Amanda Knox: What Romance In Prison Actually Looks Like

Amanda Knox, who was convicted but then acquitted of the murder of British student Meredith Kercher, has written a detailed account of how a lesbian inmate tried to seduce her during her years behind bars.

The idea of straight women in prison resorting to lesbian relationships “brings out the horny teenage boy in many of us,” but sexual bonds were often a reflection of a desperate yearning for companionship in a brutal environment, Miss Knox wrote.

She was incarcerated in Capanne prison in Umbria, between 2007 and 2011 after being initially found guilty by the Italian judicial system of killing and sexually assaulting Miss Kercher, her flat-mate, who was from Surrey.

Both young women were taking a year out from their university courses at home to study at the University for Foreigners in the medieval walled town of Perugia.

Miss Knox revealed for the first time that while serving her sentence she was befriended by a female inmate, a small-time drug dealer, who tried to initiate a sexual relationship with her.

The woman, whom Miss Knox calls “Leny”, initially seemed happy to just be friends as a way of guarding against the loneliness and isolation of prison, but after a while tried to persuade the young American to become sexually intimate.

“Leny wanted to hold hands. ‘I’ve changed women before,’ she’d tell me. ‘I can do things to you that no man can.’ I felt objectified and I’d get annoyed. ‘You can’t change me,’ I’d respond.

“She’d think I was playing hard to get. One day, Leny kissed me,” Miss Knox wrote in an essay entitled “What Romance in Prison Actually Looks Like” for the website Broadly, part of Vice News.

“I gritted my teeth and half-smiled, wavering between embarrassment and anger.

It was bad enough that the prison institution took ownership of my body―that I was caged and strip-searched on a regular basis and had already been sexually harassed by male guards.”

Miss Knox broke off the friendship, telling Leny that “since she couldn’t respect my boundaries, we couldn’t be friends anymore.”

The American was relieved when Leny was finally released from prison, but annoyed that she wrote letters and sent her CDs with the message ‘Love always, Leny”.

She revealed the relationship as part of a wide-ranging reflection on how many women prisoners, who would normally classify themselves as heterosexual, often resort to sexual relationships with their fellow inmates.

She acknowledged that there is something “titillating” about the idea of cooped-up women prisoners having sex with each other.

“The idea of women in prison brings out the horny teenage boy in many of us – perhaps it’s the implied lesbianism—but there’s also something deeper,” Miss Knox wrote.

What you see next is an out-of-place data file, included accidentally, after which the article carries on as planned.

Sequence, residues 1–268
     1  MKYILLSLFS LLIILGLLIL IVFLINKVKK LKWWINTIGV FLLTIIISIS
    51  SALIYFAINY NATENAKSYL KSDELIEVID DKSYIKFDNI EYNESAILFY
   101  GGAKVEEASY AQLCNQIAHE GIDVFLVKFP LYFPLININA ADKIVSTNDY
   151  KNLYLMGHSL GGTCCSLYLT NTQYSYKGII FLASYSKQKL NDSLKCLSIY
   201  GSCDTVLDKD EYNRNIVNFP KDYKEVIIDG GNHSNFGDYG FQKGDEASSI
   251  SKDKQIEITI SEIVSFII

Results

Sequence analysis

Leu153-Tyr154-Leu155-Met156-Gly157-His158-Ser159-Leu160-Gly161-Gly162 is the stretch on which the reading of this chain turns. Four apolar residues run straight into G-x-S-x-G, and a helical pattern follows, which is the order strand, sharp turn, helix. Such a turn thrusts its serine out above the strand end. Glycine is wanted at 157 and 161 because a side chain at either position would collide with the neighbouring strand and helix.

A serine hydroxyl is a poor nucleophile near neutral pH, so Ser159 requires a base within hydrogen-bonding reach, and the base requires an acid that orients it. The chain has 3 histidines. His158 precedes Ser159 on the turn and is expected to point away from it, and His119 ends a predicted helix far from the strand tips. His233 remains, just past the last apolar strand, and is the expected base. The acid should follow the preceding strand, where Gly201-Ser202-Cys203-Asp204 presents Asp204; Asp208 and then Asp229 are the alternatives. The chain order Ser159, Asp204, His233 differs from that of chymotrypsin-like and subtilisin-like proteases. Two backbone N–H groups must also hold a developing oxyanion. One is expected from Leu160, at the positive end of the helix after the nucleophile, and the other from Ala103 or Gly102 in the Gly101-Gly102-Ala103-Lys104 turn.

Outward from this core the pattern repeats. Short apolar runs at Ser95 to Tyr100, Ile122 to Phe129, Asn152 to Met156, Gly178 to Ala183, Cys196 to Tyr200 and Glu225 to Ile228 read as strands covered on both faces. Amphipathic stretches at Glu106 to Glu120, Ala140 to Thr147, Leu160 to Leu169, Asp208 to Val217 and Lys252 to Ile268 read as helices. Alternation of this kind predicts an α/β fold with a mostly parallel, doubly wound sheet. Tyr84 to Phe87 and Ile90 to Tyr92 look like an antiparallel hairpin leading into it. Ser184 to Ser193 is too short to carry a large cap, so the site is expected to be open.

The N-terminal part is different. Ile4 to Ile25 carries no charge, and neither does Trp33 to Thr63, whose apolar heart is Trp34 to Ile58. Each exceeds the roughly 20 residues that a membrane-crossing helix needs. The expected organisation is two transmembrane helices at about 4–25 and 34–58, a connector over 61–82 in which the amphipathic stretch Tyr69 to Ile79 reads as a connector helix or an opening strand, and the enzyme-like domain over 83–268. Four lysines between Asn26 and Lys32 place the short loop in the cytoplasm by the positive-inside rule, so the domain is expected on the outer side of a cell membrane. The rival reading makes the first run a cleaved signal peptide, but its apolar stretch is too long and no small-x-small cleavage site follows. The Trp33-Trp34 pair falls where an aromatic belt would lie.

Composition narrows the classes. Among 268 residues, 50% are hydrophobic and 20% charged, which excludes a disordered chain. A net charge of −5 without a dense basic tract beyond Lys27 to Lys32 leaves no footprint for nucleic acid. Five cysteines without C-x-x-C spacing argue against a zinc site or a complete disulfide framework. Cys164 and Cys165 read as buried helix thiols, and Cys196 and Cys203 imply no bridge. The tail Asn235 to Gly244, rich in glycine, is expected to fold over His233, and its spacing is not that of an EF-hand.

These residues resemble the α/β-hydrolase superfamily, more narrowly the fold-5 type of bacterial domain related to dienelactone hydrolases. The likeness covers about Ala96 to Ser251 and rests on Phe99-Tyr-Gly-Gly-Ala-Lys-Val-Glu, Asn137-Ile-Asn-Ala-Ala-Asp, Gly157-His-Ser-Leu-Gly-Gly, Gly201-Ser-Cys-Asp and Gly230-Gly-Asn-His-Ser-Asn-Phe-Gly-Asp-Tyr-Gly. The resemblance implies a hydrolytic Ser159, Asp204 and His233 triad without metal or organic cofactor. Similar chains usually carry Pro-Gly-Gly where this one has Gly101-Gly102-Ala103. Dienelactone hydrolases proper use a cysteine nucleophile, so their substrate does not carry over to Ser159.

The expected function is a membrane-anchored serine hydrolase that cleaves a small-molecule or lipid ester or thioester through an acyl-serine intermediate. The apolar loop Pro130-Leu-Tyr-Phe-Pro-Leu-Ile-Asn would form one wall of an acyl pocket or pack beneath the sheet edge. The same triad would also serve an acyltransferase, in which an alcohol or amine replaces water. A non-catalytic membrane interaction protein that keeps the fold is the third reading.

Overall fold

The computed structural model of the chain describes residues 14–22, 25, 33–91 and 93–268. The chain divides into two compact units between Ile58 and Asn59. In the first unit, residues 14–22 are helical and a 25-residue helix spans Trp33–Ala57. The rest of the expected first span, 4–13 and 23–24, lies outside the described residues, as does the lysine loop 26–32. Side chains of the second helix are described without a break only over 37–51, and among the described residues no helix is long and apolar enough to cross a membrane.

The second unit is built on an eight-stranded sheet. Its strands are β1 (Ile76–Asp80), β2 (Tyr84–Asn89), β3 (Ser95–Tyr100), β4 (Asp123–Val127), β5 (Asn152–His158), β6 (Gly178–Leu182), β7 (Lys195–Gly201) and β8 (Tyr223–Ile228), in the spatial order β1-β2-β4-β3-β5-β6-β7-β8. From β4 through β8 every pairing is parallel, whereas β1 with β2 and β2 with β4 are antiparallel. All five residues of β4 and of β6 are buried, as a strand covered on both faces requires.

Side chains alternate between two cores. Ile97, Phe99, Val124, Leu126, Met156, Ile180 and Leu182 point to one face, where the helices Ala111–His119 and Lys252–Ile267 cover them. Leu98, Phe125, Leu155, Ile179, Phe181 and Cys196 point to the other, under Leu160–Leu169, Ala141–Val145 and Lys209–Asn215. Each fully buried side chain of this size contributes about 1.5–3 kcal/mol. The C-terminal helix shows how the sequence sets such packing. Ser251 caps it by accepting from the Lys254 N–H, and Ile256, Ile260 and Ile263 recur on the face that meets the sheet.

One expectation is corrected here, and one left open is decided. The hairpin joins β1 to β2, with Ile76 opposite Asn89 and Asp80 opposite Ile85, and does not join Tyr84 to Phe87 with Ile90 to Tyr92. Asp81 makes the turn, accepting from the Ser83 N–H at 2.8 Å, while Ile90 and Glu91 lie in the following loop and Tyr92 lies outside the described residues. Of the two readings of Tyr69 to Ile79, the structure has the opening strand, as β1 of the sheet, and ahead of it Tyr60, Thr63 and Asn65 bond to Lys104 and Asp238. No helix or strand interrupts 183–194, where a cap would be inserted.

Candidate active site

“It was common for inmates to form an intimate partnership,” she wrote. “Inmates had crushes on one another.

They passed love letters through the bars…and gave each other presents.

There were tearful breakups, and sometimes fist fights between new partners and exes.

Many of these women will have identified as heterosexual – colloquially, they were ‘gay for the stay’.”

Miss Knox offers a fascinating insight into her time in jail, about which she has said little in the past.

She was extremely reserved with other inmates, keeping herself to herself. “I didn’t really have friends in prison,” she wrote.

Regarded as a celebrity because of the huge media attention that the Kercher murder case garnered, she was resented by other prisoners.

“Most of my fellow inmates were bigger, tougher, meaner, more desperate, and had less to lose than me, so I never let my guard down.”

She managed to survive by helping poorly-educated prisoners write letters and translating for inmates who did not speak Italian a large proportion of the prison population in Italy is foreign.

She argues that many of the bonds forged between the women in jail were largely to do with seeking comfort and solace in an unforgiving environment.

“Relationships in prison are sometimes about sex, but more often they’re about human connection. Because prison is an awful place: It is designed to deny people of their desire to connect.” Women demonstrate “greater sexual fluidity than men,” she wrote.

Since being released from prison and returning to her home town of Seattle, Miss Knox has written articles from time to time, most frequently for the West Seattle Herald.

Miss Kercher, 21, was murdered in the house she shared with Miss Knox and two young Italian women in Perugia in November 2007, just after Halloween.

She was found in a pool of blood with her throat stabbed several times.

Miss Knox and Mr Sollecito, her then boyfriend, were convicted of murder and sexual assault in 2009, then acquitted in 2011, then had their convictions upheld in 2014 before being definitively acquitted by the Supreme Court in Rome in 2015.

Rudy Guede, a local drifter who was born in Ivory Coast but grew up in Perugia, is the only person to have been definitively convicted of the murder and is serving a 16-year jail sentence.

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